The report from NGT alleged that mangroves were destroyed due to illegal dumping of dredged soil in the Coastal Regulation Zone (CRZ) area of Ennore Creek.

news Environment Tuesday, January 21, 2020 - 19:32

The government-owned Kamarajar Port Limited and North Chennai Thermal Power station (NCTPS) has come under sharp criticism from the southern bench of the National Green Tribunal for multiple violations of environment norms that have degraded the ecosystem in Ennore. The bench has further invoked the ‘polluter pays’ principle and ordered the Port to pay Rs 8.34 lakh to the Tamil Nadu Pollution Control Board (TNPCB) for ‘environmental compensation’, on Monday.

Additionally, as part of corporate social responsibility, the Port authorities have been ordered to undertake mass planting of mangroves and other plants specific to that region (33% of their total area). All other port activities in the Ennore region, too, will now be monitored and a detailed environmental management plan has to be carried out for handling dredged material and get the approval of TNPCB before disposal

The complete survey of the area was carried out by a committee comprising officials from the Central Pollution Control Board (CPCB), Tamil Nadu Pollution Control Board (TNPCB) and IIT-Madras. They were given four tasks by the NGT — to find whether any damages have been caused to the soil on account of the violations, whether remediation methods adopted by the port are sufficient, what is the further remediation to be undertaken by them and to assess the environmental compensation for the violation and damages to the environment.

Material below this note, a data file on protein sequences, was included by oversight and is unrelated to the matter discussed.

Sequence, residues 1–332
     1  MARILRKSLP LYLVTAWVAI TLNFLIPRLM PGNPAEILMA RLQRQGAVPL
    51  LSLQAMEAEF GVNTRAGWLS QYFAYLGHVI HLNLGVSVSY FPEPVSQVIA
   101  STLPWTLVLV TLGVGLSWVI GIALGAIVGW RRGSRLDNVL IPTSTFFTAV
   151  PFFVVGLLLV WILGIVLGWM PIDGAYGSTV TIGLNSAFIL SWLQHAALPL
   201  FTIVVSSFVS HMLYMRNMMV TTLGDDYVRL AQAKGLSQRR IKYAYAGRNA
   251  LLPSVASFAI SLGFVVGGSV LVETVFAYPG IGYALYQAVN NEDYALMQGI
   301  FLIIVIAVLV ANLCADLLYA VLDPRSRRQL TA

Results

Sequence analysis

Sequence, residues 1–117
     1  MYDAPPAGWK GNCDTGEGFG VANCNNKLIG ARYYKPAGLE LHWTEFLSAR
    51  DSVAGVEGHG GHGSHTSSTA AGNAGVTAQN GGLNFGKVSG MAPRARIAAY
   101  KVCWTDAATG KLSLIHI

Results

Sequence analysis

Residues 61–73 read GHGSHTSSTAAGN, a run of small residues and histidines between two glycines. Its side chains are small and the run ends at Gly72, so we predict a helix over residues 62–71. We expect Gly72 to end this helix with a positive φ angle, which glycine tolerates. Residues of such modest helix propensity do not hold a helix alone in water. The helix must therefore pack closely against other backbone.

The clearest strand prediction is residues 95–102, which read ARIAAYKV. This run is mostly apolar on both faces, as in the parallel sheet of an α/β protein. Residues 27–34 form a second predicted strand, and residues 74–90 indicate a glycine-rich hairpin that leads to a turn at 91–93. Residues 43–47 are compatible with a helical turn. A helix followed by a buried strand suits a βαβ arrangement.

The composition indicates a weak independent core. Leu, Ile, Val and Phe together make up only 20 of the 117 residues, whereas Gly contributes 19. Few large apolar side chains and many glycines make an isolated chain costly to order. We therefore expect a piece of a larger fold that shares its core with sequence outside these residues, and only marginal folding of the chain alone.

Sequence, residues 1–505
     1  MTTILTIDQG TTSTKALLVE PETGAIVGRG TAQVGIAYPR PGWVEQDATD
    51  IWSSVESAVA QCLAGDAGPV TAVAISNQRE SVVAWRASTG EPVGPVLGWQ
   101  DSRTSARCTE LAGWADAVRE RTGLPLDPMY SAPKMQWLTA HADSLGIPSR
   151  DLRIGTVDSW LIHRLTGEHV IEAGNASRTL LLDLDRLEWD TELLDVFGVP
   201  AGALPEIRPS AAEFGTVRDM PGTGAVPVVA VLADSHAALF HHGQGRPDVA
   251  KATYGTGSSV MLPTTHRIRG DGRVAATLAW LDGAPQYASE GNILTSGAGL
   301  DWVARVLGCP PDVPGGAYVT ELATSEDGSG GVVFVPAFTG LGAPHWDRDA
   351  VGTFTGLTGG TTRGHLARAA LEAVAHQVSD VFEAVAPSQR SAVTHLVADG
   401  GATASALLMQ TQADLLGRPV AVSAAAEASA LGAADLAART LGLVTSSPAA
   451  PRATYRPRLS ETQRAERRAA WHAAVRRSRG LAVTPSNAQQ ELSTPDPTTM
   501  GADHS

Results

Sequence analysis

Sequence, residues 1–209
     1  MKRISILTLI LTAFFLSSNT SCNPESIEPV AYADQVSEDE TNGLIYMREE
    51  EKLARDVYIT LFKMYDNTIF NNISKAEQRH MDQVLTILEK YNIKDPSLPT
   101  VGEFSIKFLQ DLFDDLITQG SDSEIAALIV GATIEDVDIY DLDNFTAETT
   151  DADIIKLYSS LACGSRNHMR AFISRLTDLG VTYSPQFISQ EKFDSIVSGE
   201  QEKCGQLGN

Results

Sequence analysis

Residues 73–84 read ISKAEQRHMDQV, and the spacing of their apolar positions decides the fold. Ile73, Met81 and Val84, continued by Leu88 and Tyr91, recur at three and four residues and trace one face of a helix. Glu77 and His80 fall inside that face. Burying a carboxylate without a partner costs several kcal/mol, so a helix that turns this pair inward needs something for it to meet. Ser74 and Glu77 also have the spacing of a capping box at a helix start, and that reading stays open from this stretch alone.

They collected soil samples at all nine dredged material dumpsites and found heavy metal contamination. The report from NGT alleged that mangroves were destroyed due to illegal dumping of dredged soil in the Coastal Regulation Zone (CRZ) area of Ennore Creek.

"From satellite images and analysis results, it is observed that the dredged material dumped in the nine dumping sites falling under CRZ notified area not yet fully removed. The mangroves in the area may be lost due to dumping in the nine sites," reads the report.

"The port authority has not adopted any scientific methods to remediate the soil or to restore the soil/mangroves to regional conditions. Though efforts were made to remove the dump falling in the CRZ area, it is observed that it is not fully removed and dredged material is still lying in the CRZ area," it further reads.

As far as metals are concerned, traces of Magnesium, Aluminium, Iron, Potassium, Chromium, Lead and Calcium were found in the soil with high concentrations in all dumpsites. The metals have leached from the dredged material dumpsite to a depth of 100 cm below the ground level, the report said.

“In all nine dumpsites, these five elements — Chromium, Lead, Nickel, Copper and Zinc — are present in concentrations more than reference material and fly ash, indicating that the dumpsites are not fully cleared and dredged material is still lying within the CRZ notified area,” it read.

The port authorities, meanwhile, claimed that a total of 83,533 cubic meters of dredged material has been removed following the NGT order on Monday. A total of 73,113 cubic meters of material was dumped in the CRZ notified area for the development of additional coal berths during 2015.